A magnetic field may be represented by a mathematical description of the magnetic influence of electric currents and magnetic materials. The magnetic field at any given point is specified by both a direction and a magnitude (or strength); as such it is a vector field. The magnetic field is most commonly defined in terms of the Lorentz force it exerts on moving electric charges. There are two separate but closely related fields to which the name "magnetic field" can refer, denoted by the symbols B and H.
Magnetic fields are produced by moving electric charges and the intrinsic magnetic moments of elementary particles associated with a fundamental quantum property, their spin. In special relativity, electric and magnetic fields are two interrelated aspects of a single object, called the electromagnetic tensor; the split of this tensor into electric and magnetic fields depends on the relative velocity of the observer and charge. In quantum physics, the electromagnetic field is quantized and electromagnetic interactions result from the exchange of photons.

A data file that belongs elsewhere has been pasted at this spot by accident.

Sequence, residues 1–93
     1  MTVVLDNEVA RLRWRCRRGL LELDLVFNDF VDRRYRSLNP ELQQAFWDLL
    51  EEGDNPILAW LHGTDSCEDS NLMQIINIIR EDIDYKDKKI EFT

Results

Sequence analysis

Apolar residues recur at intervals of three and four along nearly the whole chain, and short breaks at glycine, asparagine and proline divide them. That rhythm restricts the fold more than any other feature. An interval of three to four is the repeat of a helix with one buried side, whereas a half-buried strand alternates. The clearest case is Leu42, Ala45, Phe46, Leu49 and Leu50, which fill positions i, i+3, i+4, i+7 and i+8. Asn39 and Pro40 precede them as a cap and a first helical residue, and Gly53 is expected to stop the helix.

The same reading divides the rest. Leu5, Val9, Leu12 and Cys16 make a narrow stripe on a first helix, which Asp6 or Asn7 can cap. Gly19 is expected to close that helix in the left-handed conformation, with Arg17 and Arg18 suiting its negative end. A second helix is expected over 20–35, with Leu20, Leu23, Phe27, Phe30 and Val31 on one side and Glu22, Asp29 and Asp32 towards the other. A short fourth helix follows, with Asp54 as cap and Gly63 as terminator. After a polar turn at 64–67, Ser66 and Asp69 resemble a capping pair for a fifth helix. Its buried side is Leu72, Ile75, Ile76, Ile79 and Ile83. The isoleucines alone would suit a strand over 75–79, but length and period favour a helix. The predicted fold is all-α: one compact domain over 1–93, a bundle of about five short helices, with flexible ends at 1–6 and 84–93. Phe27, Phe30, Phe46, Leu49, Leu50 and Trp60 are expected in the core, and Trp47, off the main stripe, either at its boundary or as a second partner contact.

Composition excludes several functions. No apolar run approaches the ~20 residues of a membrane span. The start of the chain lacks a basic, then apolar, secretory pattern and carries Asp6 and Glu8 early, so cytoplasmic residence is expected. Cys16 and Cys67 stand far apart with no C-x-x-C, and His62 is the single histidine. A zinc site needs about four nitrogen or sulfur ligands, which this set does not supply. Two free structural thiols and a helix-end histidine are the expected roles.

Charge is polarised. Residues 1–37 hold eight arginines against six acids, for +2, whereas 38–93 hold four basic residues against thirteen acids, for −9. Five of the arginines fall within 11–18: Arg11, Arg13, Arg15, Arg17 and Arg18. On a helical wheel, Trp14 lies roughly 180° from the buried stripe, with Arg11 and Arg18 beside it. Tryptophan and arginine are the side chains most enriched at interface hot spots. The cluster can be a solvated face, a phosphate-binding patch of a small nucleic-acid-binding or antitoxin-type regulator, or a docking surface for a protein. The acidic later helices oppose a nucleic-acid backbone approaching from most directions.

Magnetic fields have had many uses in ancient and modern society. The Earth produces its own magnetic field, which is important in navigation. Rotating magnetic fields are utilized in both electric motors and generators. Magnetic forces give information about the charge carriers in a material through the Hall effect. The interaction of magnetic fields in electric devices such as transformers is studied in the discipline of magnetic circuits.
Read more about Magnetic Field: History, Definitions, Units, and Measurement, Magnetic Field Lines, Magnetic Field and Permanent Magnets, Magnetic Field and Electric Currents, Relation Between H and B, Energy Stored in Magnetic Fields
Famous quotes containing the words magnetic and/or field:
“We are in great haste to construct a magnetic telegraph from Maine to Texas; but Maine and Texas, it may be, have nothing important to communicate.”
—Henry David Thoreau (18171862)
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—Agnes E. Meyer (18871970)